“I often say that the most competitive sport in America is parenting—sitting in the stands, competing with each other for a better seat in the bleachers of life, based on one’s child’s performance. These parents have forgotten the pure, unadulterated pleasure of their own play as children—if they ever felt it!”

—Joe Ehrmann, InsideOut Coaching

Anyone who knows me understands that I have a great passion for basketball. When the nurses at the hospital remarked upon how large my son’s feet were at birth, I admit my first thought was, “Maybe he has a future in the NBA.” Oh, I know the statistics, so I know the chances are small. But my passion for the game makes it only natural for me to want to share that passion with my children. The important part is remembering my purpose as a parent and keeping that as a priority. Will I stay focused on raising young people of character or would I fall victim to the hyper-focused, achievement-and-ability trap that so many other parents fall victim to in today’s culture?

If you are involved in sports at any level, you can see examples of parents ruining their children’s experience and getting caught up in their child’s ability, achievement, and acknowledgment. However, I do not want to be the parent who tries to control my child’s experience. I do not want to be the parent who lives vicariously through my child. My children’s lives are not a second chance for me to live out unfulfilled dreams or relive my glory days. So, I have created a list of 10 Dos and Don’ts to keep me grounded as I move forward into the sports parenting world.

My 10 Dos and Don’ts

  1. I don’t call my child’s coach to discuss playing time, strategy, development, or their teammates. My job is to parent, and the coach’s job is to coach. Instead, when my child is frustrated, I do encourage them to focus on what they can do to improve their circumstances and learn from their experience.
  2. I don’t  praise my child for wins, points, goals, awards, or trophies. Constant praise of such things has been proven to foster a fixed mindset. Instead, I do praise them for their effort, attitude, and sportsmanship. Praise of these traits fosters a growth mindset and directs their focus to the process of reaching their full potential.
  3. I don’t  speak poorly about the coach or other players to my child or other parents. People are doing the best they can with what they know. Instead, I do encourage my child to be a supportive teammate and someone who is fun to coach.
  4. I don’t pay for a personal trainer for my child until they have shown that they are willing to put the work in themselves. Instead, I do encourage them to ask their coach or look online for drills. If they want to get better, they must do the work.
  5. I don’t  encourage my child to specialize in a sport or play “travel ball”. It has been proven to lead to burnout and more injuries, and it doesn’t develop the whole person. Instead, I do encourage my child to play multiple sports and participate in extracurricular actives, such as drama, art, and music.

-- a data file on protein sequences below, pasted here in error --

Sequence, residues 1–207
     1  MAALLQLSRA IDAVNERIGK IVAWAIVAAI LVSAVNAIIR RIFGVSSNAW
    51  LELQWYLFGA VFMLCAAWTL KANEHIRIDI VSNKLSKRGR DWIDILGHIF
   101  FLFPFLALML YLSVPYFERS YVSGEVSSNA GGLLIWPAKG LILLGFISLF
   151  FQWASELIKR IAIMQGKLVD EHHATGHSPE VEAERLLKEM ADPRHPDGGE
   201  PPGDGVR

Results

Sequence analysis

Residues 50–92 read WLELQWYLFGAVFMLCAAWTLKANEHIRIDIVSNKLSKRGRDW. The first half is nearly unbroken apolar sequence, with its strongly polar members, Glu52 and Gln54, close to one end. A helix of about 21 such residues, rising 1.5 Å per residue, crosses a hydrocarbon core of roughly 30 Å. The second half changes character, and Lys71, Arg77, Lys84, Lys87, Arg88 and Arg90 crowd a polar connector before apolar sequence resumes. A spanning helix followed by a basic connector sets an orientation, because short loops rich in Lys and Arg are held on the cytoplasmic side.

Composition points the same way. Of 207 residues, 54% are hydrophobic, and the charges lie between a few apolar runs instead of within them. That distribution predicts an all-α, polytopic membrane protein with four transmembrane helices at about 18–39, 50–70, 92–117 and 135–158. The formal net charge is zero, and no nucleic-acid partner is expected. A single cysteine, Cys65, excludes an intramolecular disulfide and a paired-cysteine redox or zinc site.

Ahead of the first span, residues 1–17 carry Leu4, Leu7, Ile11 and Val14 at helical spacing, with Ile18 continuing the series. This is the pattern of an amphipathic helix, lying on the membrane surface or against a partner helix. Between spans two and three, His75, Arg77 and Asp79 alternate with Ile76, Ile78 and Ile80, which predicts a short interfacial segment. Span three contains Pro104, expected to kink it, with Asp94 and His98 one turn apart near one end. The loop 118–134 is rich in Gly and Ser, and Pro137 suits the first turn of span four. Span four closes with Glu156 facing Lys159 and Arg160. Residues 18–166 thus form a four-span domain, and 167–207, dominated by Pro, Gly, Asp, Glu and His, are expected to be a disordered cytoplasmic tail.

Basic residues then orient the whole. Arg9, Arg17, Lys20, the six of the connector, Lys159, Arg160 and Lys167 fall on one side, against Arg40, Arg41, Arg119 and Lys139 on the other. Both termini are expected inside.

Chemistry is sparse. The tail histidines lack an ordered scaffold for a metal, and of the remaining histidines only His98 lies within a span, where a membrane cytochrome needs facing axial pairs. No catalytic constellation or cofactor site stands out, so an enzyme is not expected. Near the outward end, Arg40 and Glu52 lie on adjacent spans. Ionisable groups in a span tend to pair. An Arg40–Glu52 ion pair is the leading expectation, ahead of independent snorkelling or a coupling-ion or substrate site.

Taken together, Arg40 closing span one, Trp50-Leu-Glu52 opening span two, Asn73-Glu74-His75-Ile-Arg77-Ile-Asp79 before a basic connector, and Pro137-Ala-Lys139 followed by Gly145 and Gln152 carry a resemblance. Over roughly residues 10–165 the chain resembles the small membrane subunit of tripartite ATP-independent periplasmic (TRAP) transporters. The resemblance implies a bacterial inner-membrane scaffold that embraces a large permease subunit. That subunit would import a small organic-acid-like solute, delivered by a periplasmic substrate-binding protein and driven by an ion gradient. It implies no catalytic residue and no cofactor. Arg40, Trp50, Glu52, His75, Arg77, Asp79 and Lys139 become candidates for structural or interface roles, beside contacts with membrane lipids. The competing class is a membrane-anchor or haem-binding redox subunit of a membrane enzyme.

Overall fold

6. I don’t  coach or referee from the sideline. It is distracting, disrespectful to the coach, and sets a poor example of sportsmanship. Instead, I do cheer on my child’s team, regardless of the circumstances (e.g., winning or losing, playing or sitting the bench).
  7. I don’t  coach on the car ride home. It is not my job, and it will not be helpful. Instead, I do ask my child four questions:
    1. Did you have fun?
    2. Did you work hard?
    3. Did you have a good attitude?
    4. Did you appreciate the opportunity?
  8. I don’t  spend my time fundraising or taking care of responsibilities that belong to the players. Doing so will rob my child of their responsibilities and their learning experience. Instead, I do hold my child responsible for their team commitments. If they fail to be responsible within their means, then they will suffer the consequences (e.g., miss practice, get cut from the team, sit a game).
  9. I don’t  let sports take over our home and family life. Family dinners, vacations, and time together must be a priority. Instead, I do work to maintain a healthy balance in our commitments, and I do expect my teenager to hold a summer job to contribute. Sports are great and can be applied to life, but they aren’t real A miserable, hot, sweaty, minimum-wage job can be a great teacher!
  10. I don’t  foster a sense of entitlement within my child to play sports. Instead, I do expect my child to complete their schoolwork and do their chores around the house if they expect to go to practice or a game.

The Sports Parent I Want to Be

Will following through on all these things be hard? Yes. But which is harder: parenting a child when they are 14 years old or parenting a child when they are 28 years old? We must remember that good parenting does not remove hurtful experiences from our kids’ lives, but it does help them navigate these experiences. My job as a parent will be to help guide them through their experiences. Most importantly, the parent I want to be ensures that his children will never forget their value comes from who they are as a person—not what they do on the field or on the court.


Inside Out Coaching by Joe Ehrmann